As is often the case, a complex set of laws is best considered through explanatory examples. 

Tax Planning Opportunities for Non-UK Tax Residents 

Tom is an Australian citizen; he was born in Australia and has always lived and worked there. He is a UK non-dom and has a net worth of £5m.  He is divorced with one child aged 19. 

Tom’s child, Harry, chooses to study at a university in the UK and Tom is aware that UK real estate has over the last few years shown some good returns. 

Tom purchases a property in his sole name, mortgage free, near to his son’s university in the UK for £500,000 for his child to live in while studying in the UK. 

Planning Opportunity 1: Property Ownership 

Even though Tom is not UK tax resident and is non-dom, any assets that he has in his own name situated in the UK are subject to UK inheritance tax on his death.  If Tom dies while owning the property, leaving his whole estate to Harry, there will be a tax liability of £70,000 on his death.  This is 40% of the value of the property above the £325,000 nil rate band, assuming that Tom has no other UK assets. 

  • Tom could have considered purchasing the property jointly in the
    name of himself and his son. Had he done so; on his death the value of
    his UK asset would have been £250,000.  This is below the nil rate band
    threshold and therefore no UK inheritance tax would be payable. 

Planning Opportunity 2: Remittance of Money 

Tom is getting close to retirement and decides to move to the UK to be with his child, who has settled in the UK after finishing university. He sells his Australian home but keeps his Australian bank accounts and other investments. He sends £1m over to a newly opened UK bank account before moving to the UK, to live on once in the UK. 

  • Tom would be better advised to remit these funds to a tax neutral,
    sterling jurisdiction, such as Guernsey or the Isle of Man. If Tom was
    to die before becoming domiciled for UK inheritance tax purposes, these
    funds would be outside the inheritance tax net.
  • By structuring such an account correctly, Tom could bring capital
    only to the UK and thereby avoid any obligation to pay income tax.
    Please contact Dixcart to take advice on this topic, prior to moving to
    the UK.

Planning Opportunity 3: Use of a Trust 

Tom dies having lived in the UK for 25 years of his retirement.  He leaves his whole estate to his son.  As Tom was deemed domiciled at death, his entire worldwide estate, not just his UK situated assets, will be subject to UK inheritance tax at 40%, except for the nil rate band at the time of his death.  If his estate is still worth £5m, the inheritance tax payable will be £1.87m at current rates and nil rate band. 

  • Before Tom became deemed domiciled in the UK, he could have settled
    the non-UK assets he still had into a non-UK resident discretionary
    trust (traditionally in a tax neutral jurisdiction). This would place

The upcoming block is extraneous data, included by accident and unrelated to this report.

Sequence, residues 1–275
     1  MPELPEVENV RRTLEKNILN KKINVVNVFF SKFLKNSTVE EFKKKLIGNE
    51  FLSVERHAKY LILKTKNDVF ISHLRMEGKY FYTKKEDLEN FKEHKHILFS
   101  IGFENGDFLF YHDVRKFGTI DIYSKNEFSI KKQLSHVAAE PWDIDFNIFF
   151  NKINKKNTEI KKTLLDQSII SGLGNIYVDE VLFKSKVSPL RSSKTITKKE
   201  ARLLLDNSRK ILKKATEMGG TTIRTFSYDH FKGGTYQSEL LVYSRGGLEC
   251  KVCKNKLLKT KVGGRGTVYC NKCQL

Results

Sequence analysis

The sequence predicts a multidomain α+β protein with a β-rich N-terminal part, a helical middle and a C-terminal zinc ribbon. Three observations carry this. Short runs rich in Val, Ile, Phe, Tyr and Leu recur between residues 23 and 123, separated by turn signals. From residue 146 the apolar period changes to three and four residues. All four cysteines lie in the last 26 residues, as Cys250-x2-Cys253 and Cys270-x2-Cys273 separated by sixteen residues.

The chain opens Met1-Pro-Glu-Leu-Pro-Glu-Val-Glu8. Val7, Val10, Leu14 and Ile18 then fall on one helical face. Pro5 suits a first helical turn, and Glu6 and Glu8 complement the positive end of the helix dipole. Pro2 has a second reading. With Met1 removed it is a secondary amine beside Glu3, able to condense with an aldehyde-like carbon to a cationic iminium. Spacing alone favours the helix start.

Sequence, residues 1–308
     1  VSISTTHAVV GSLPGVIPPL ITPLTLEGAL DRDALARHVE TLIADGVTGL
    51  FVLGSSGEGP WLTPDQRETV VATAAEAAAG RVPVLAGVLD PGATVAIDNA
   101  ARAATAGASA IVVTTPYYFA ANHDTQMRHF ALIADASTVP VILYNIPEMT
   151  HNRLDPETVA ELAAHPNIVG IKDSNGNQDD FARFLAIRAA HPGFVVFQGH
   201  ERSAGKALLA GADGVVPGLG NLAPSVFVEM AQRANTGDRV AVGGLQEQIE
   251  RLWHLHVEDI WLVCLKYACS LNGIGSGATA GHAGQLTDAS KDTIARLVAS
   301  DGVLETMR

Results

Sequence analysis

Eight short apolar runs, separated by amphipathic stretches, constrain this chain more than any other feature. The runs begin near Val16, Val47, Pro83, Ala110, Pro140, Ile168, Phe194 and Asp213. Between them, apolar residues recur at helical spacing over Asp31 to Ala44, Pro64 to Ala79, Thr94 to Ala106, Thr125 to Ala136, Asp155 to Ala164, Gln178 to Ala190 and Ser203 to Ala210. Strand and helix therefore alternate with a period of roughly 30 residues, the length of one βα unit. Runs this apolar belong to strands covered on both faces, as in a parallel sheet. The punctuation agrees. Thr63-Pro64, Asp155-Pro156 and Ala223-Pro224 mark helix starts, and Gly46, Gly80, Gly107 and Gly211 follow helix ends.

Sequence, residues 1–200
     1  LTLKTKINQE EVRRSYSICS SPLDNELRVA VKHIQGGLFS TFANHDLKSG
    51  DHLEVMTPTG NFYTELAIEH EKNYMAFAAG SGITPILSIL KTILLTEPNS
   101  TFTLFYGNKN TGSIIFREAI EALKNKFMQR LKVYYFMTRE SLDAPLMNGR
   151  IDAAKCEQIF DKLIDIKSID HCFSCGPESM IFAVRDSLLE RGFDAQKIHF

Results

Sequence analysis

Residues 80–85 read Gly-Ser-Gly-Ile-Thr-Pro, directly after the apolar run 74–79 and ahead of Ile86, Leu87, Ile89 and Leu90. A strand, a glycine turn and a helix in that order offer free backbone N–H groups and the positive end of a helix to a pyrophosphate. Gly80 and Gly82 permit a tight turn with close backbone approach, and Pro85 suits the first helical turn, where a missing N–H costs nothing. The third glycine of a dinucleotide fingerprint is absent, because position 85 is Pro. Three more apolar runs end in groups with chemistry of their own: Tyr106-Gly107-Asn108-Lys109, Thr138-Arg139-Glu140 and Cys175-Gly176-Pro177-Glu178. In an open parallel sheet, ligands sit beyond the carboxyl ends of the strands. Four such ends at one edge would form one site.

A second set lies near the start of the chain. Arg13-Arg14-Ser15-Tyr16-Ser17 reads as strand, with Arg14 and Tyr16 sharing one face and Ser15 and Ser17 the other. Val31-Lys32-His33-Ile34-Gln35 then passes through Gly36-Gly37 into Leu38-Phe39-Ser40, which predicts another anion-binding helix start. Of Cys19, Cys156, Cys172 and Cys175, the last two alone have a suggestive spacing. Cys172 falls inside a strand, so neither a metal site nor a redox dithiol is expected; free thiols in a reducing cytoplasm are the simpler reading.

those assets outside his UK estate for UK inheritance tax purposes.
    Following Tom’s death, the trustees could distribute the trust assets to
    Harry; achieving the same results as a will but passing on the assets
    free from inheritance tax liabilities. 

Planning Opportunity 4: Distribution of Assets from a Trust 

Following Tom’s death, his son decides to leave the UK for New Zealand, having lived in the UK for the previous 30 years.  He sells all of his properties and other assets and deposits the proceeds in a New Zealand bank account. He dies within a year of moving to New Zealand. 

As Harry only left the UK a year prior to his death, he will still have been UK resident for more than 15 of the previous 20 years.  He will therefore still be considered UK deemed-domiciled at death and his entire estate would be taxable to UK inheritance tax at 40%, even though he had no assets in the UK on his death. 

  • Rather than the trustees distributing the assets to Harry on his
    father’s death, it might have been prudent for the trustees to only
    distribute assets as needed by Harry over time. This would mean that the
    entire estate would not be in his name on his death and would not
    therefore be subject to inheritance tax in the UK.  The assets would
    remain in the trust and be available for future generations of the
    family. Advice should be taken on distributions from a trust to ensure
    that these are as tax efficient as possible. 

Summary and Additional Information

UK inheritance tax is a complex issue. Careful consideration and advice need to be taken regarding the best manner to structure the holding of UK assets. 

It is important for both UK and non-UK tax residents to take advice, as early as possible, and this should be reviewed regularly to allow for any changes in the law and/or family circumstances. A number of important tax planning steps can be put in place, in particular for non-UK tax residents.

If you require additional information on this topic, please contact Paul Webb or Peter Robertson at the Dixcart office in the UK:

Back to Listing